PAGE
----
Friday, April 2, 2010


Here's a picture of a small, un-inhabited island in the Bay of Bengal.

It disappeared last Wednesday. India and Bangladesh both claim it belonged to them.

The head oceanographer at Jadavpur University, in Calcutta, reported that a satellite image indicated that the island was no longer visible, and sea patrols confirmed it.

An official in India's foreign ministry told New Delhi newspapers that the island was gone, and asked that his name not be used, explaining, "I am not authorized to speak on international disputes."

Bangladesh officials were not available for comment.

I found four very brief articles on the Internet that said the island was gone.

"Gone..." It takes a second to translate "gone" from a feeling of death into what it means when an island that was on the map in the atlas, completely vanishes.

India called it "New Moore Island." It was 2 miles long and 1 ½. miles wide. Bangladesh referred to the island as South Talpatti.

There were no permanent structures on it, but India sent soldiers to hoist its national flag there, in 1981.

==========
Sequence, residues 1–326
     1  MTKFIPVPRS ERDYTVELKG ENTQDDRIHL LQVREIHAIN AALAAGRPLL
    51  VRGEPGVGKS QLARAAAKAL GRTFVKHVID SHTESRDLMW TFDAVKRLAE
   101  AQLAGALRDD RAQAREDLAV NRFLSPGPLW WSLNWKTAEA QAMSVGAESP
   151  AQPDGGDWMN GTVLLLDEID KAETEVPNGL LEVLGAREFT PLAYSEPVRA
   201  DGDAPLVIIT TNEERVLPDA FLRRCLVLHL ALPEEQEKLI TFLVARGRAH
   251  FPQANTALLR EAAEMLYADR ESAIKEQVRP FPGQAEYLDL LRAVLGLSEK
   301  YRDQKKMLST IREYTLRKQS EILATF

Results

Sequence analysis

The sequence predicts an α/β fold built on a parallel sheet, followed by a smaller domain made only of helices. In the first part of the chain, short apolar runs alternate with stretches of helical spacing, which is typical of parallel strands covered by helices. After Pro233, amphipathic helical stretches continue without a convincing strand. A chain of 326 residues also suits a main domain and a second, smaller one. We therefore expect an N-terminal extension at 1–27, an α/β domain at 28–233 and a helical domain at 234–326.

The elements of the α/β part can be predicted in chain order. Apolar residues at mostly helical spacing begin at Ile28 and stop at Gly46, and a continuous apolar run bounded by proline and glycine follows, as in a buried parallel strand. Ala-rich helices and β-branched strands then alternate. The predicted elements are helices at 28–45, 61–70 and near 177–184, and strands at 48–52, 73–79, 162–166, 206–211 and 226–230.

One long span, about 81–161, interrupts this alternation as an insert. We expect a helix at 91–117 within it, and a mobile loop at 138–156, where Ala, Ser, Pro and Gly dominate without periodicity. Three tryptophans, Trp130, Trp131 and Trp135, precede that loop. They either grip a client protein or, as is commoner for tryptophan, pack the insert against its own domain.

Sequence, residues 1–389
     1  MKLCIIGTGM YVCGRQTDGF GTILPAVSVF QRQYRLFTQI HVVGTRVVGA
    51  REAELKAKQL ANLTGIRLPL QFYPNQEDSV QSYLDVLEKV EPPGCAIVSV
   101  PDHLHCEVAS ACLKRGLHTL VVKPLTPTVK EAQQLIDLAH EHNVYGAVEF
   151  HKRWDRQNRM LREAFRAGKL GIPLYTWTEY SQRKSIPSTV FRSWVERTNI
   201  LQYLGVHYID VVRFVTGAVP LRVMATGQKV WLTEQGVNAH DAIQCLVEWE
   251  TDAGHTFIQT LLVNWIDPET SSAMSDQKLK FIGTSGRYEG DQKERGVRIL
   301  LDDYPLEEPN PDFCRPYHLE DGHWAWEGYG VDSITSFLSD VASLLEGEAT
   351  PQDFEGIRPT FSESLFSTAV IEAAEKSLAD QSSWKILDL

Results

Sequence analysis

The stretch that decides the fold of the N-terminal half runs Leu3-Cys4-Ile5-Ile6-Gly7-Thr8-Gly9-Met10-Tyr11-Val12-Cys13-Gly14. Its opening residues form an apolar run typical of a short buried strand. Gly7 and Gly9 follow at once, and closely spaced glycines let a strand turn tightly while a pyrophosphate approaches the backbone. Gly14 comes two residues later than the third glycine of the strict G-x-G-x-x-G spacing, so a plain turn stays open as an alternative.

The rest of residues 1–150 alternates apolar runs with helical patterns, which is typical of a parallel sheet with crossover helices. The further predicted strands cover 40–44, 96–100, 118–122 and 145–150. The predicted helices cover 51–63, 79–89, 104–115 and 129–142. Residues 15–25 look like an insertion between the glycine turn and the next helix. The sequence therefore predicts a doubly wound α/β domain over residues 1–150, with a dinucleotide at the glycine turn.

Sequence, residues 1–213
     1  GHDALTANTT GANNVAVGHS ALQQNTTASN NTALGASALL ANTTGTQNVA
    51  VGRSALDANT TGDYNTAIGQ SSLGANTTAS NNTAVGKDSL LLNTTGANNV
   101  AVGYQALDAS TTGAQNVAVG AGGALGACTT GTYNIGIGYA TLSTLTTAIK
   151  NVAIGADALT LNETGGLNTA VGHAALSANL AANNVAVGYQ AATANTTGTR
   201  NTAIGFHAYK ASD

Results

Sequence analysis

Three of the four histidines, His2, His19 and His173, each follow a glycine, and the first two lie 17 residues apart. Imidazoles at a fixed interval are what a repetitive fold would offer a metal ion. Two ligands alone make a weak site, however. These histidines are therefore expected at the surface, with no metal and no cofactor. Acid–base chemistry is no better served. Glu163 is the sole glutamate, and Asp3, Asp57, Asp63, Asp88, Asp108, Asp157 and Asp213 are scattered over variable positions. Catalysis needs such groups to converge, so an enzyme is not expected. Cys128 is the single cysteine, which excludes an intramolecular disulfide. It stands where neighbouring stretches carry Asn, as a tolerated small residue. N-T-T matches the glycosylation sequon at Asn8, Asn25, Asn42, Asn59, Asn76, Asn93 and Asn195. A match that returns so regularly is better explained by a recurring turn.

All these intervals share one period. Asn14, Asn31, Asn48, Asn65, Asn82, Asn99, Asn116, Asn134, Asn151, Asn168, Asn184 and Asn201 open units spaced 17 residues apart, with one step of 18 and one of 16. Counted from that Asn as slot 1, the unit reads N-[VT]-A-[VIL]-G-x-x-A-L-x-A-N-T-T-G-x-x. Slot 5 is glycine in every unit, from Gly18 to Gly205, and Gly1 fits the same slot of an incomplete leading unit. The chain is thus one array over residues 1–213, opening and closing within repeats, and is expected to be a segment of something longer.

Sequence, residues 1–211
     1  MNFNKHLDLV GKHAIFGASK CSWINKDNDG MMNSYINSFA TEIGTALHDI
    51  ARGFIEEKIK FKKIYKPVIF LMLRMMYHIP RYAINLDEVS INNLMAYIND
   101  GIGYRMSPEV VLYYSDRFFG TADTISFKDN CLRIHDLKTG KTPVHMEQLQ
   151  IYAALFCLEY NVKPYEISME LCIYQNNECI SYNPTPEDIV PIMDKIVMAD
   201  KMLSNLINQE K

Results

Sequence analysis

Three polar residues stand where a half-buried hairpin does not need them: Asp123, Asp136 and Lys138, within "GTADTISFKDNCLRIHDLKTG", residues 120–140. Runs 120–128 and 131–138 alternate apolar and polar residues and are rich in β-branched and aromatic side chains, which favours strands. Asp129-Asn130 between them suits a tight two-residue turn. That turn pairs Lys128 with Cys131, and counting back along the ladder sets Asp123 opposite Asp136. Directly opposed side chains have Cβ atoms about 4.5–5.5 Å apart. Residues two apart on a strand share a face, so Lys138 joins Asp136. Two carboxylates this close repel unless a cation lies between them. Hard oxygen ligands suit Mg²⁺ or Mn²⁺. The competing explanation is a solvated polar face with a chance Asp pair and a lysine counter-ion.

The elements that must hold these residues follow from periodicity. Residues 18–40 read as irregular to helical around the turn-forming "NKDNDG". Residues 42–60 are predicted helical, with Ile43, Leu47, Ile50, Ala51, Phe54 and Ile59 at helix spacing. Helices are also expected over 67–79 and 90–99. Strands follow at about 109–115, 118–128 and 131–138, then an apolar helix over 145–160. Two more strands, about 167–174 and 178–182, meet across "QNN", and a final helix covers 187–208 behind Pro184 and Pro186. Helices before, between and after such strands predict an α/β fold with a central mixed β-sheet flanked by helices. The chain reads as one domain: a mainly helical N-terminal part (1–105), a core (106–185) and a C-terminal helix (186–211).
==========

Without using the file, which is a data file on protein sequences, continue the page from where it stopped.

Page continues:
One of the online articles mentioned that another island in the area, Lohachara, disappeared in 1996.

I've seen pictures of homes on Fire Island and in the Hamptons losing most of their beaches, and houses that are in danger as well, and islands have disappeared in the Everglades, so why do I pay attention to a tiny, hardly ever used place on the other side of the world?

Maybe because my house feels as if it's in danger ... When the street is attacked by jack-hammers my house shakes. When trucks lower and drop onto the street, with a bang, huge steel plates, my house shakes. I worry about our electrical fixtures disconnecting, our sewage pipes cracking, and our plaster walls, which already have cracks.

Would that some worrisome places in my mind, not large thoughts, but troubling ones, could just vanish, disappear, un-heralded, not mourned, in the way New-Moore-South-Talpatti did.

For instance -- global warming is not so slowly changing the depth of the seas, which are washing away land, and submerging other small islands. Some endangered species are already gone. People all over the world have lost homes, and most of their possessions, because of rain, earthquakes, tsunami, and whatever else that's making the weather into an angry, punishing enemy.

Is this the story of the forty days and forty nights of rain, and Noah having to build an ark -- the same story with different numbers, different meanings to how long is a day, how long is a night and what protective something can be our ark?

When it happens to homes and land in the Hamptons, Fire Island, or Florida, with visions of the luxury, wealth and the casual "fun" the owners have, I don't feel very concerned.

But the disappearing island -- hardly noted -- is noted by me and mourned, with me quietly wondering where are we heading and what does this mean?
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